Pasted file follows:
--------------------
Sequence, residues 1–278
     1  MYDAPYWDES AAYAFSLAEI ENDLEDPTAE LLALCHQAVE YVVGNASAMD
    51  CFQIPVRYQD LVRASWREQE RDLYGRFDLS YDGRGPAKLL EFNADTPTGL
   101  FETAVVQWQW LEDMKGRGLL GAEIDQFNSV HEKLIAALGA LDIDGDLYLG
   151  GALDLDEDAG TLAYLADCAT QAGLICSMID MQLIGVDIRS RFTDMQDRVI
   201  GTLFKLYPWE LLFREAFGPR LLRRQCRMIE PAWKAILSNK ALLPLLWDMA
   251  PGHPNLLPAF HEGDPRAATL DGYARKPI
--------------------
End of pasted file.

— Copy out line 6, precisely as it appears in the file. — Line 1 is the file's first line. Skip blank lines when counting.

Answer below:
   201  GTLFKLYPWE LLFREAFGPR LLRRQCRMIE PAWKAILSNK ALLPLLWDMA